If the popular preconception of the sprinter is of an ego on legs, Shelly-Ann Fraser-Pryce is the perfect antidote. Modest, unfailingly courteous, she even gives the impression that a subtle mixture of coaching, her opponents and Providence have been responsible for the Jamaican 25 year old winning two successive Olympic 100m titles, rather than any input from herself.
Fraser-Pryce’s career took a dip after victory in Beijing, then winning the world title in Berlin 2009, so victory in London 2012 came as a relief as much as anything else. "The last two years have been hard for me," she said at the post-victory press conference. "It was hard to stay focused. But I’m here, I’m healthy, thank God. It wasn’t the perfectly executed race, but my coach says if you do your own thing, make sure you win. But you can’t do it alone, there were eight girls out there, so congrats to all of them, everyone deserves applause. But I want to thank my coach (Steven Francis), I think he believes in me more than I believe in myself."
Fraser-Pryce is one of a new generation of Jamaican sprinters, who have discovered that they don’t necessarily need to take up a scholarship in the USA to pursue success. It may be that they all know the story of SAFP’s famous predecessor as Jamaican record holder, Merlene Ottey, going to college in Nebraska, and having to endure freezing cold and snow for the first time. "Jamaica is important to me," says the two-time champ. "I was fortunate when I left school in 2006, Steven Francis offered to train me. Also, I’m close to my family; if anything happens, I can just take a bus, and go home. I love Jamaica, I love my family, I love my husband (Jason)."
One of only three women to win two successive Olympic sprint titles – Wyomia Tyus in 1964/68, and Gail Devers in 1992/96; both of the USA were the others – she was told by the press conference moderator that Devers had already sent a message via USATF, to welcome SAFP to the exclusive 'club’. The current sprint queen seemed impressed, though bemused. "I don’t know much about track history," she admitted, "but I’m honoured to be part of a club like that."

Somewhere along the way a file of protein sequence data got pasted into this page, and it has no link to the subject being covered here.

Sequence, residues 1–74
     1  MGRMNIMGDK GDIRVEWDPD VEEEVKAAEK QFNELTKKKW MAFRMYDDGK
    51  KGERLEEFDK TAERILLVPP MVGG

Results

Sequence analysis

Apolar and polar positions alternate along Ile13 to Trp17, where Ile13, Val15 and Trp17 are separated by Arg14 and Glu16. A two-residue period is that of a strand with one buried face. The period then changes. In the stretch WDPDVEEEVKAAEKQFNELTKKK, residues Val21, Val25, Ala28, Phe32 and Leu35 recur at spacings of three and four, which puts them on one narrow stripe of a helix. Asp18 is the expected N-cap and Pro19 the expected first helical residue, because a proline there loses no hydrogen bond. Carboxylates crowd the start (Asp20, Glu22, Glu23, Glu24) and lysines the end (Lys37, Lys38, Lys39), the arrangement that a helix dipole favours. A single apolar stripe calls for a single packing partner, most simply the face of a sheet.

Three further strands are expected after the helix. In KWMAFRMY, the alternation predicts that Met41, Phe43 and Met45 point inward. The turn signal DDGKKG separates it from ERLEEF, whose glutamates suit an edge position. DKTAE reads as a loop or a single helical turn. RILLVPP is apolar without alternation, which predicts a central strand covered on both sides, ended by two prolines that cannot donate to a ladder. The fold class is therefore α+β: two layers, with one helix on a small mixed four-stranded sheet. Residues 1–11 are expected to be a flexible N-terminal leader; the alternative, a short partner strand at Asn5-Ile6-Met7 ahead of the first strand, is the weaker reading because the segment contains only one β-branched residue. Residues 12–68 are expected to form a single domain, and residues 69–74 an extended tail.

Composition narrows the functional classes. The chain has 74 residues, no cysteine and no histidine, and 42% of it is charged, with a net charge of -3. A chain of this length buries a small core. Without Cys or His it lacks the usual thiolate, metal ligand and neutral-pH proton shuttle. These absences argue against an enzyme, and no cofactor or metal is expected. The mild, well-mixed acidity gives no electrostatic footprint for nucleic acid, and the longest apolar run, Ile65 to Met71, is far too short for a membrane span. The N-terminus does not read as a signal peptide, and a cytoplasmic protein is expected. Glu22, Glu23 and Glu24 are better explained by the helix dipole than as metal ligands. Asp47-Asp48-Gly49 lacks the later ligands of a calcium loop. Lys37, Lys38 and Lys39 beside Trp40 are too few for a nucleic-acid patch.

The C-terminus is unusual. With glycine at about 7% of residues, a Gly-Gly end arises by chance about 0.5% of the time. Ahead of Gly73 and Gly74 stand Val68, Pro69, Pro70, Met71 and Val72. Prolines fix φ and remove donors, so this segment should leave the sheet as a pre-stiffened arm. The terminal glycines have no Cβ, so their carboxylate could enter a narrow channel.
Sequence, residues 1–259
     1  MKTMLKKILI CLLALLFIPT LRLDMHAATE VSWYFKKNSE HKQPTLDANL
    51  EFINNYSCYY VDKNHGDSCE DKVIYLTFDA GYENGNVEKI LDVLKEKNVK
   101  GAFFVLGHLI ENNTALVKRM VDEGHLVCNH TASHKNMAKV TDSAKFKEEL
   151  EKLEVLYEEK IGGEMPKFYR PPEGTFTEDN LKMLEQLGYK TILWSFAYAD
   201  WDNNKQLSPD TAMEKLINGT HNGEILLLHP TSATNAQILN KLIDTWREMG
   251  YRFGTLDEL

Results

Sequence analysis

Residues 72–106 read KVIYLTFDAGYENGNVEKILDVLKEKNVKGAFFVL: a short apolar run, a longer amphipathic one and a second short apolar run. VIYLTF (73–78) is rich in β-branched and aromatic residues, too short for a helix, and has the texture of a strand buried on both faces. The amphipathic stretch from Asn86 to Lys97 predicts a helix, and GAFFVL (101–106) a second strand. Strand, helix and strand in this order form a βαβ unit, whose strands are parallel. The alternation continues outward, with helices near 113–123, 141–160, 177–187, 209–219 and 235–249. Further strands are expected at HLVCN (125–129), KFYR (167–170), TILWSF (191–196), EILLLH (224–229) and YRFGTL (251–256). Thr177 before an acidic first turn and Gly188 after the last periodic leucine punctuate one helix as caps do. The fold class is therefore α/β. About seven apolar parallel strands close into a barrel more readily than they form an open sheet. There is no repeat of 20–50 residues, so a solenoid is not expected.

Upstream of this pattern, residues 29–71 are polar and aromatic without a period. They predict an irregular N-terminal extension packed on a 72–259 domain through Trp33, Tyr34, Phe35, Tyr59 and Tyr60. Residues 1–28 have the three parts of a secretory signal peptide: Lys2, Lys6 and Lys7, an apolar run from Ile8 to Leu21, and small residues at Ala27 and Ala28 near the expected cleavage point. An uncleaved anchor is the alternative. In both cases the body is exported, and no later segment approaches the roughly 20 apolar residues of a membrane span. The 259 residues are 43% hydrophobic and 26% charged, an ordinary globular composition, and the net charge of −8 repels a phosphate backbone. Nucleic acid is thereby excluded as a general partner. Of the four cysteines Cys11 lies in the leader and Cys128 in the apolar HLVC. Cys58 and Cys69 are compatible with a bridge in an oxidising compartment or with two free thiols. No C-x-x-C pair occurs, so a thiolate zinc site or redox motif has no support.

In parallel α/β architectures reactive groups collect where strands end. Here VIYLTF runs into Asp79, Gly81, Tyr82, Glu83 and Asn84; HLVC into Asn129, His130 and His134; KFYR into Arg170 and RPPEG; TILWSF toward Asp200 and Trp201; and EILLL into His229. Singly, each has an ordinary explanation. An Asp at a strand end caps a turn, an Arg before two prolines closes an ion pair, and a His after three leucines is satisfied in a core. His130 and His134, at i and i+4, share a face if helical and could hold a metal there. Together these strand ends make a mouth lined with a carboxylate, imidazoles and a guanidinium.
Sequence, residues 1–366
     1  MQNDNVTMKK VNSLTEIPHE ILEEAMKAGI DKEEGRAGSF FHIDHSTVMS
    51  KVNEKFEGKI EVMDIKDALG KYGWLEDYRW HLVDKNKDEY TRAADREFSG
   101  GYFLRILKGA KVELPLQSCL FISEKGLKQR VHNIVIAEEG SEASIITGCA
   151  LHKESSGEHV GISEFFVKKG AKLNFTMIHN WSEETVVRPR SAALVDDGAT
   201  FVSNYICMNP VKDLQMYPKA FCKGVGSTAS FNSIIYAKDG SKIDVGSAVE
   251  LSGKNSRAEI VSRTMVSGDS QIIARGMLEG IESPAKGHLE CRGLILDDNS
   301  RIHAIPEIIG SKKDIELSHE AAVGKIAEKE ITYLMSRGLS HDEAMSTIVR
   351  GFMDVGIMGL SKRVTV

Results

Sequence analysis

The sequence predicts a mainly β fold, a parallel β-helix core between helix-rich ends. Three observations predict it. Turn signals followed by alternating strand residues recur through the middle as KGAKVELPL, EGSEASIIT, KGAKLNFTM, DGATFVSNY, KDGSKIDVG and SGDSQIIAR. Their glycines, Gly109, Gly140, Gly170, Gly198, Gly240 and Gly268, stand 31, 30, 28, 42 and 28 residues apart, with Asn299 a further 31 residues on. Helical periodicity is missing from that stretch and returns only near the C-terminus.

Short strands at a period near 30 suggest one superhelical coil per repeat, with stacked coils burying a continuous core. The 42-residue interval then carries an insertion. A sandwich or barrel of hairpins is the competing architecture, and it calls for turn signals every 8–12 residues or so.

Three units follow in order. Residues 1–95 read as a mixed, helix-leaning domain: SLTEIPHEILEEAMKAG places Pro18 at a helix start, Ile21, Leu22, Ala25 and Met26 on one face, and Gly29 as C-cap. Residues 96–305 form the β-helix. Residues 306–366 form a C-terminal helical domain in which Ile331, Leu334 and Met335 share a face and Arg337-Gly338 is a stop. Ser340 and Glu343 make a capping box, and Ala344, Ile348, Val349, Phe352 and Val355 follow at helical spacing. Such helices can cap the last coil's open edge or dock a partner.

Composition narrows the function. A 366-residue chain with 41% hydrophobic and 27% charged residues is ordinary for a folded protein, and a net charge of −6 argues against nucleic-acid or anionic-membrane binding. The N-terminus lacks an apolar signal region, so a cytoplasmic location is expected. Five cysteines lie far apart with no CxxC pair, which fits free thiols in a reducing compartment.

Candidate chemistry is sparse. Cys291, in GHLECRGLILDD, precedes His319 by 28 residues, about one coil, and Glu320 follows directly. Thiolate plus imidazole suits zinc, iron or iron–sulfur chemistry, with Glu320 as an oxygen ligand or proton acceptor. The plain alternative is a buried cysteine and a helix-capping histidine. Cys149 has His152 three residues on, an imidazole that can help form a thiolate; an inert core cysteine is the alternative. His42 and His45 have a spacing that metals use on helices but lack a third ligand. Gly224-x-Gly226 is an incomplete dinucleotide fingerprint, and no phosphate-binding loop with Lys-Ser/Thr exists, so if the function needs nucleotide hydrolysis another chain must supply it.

At one point she was asked how famous she was in Jamaica compared with Usain Bolt. "I’m not one of those people who want recognition," she said. "I go to the supermarket, and people recognise me, but they all ask me questions about Usain; 'where is he, what’s he doing, where’s he running next, do I train with him?’ And I have to explain, 'no, I don’t know, we’re in different training groups’. But I don’t mind, he’s done a lot, I’m fine with the limelight I get." And this is said with an endearing simplicity that even the hard-hearted hacks almost applaud.
It seems incredible now, after so many successes in the last four years that, until Beijing 2008, no Jamaican sprinter, man or woman, had won an Olympic title. But now, Fraser-Pryce concedes, the country almost expects success. "Jamaicans are greedy," she says without rancour, "we expect a lot. But I don’t think about what Jamaica wants; that’s too much pressure. I don’t think about it 'til I do it."
Well, she certainly did it again on Saturday evening. And with the 50th anniversary of Jamaican independence on Monday, Fraser-Pryce feels she has made some contribution to the birthday celebrations. "In Beijing, it was the men’s final first (when Bolt won), but here, the women are first. It’s our 50th anniversary, and I’m already excited, to win Jamaica’s first gold medal. Also, we won our independence from England, so it’s great to win it here in England."
And all we can add after that is 'Happy Anniversary!’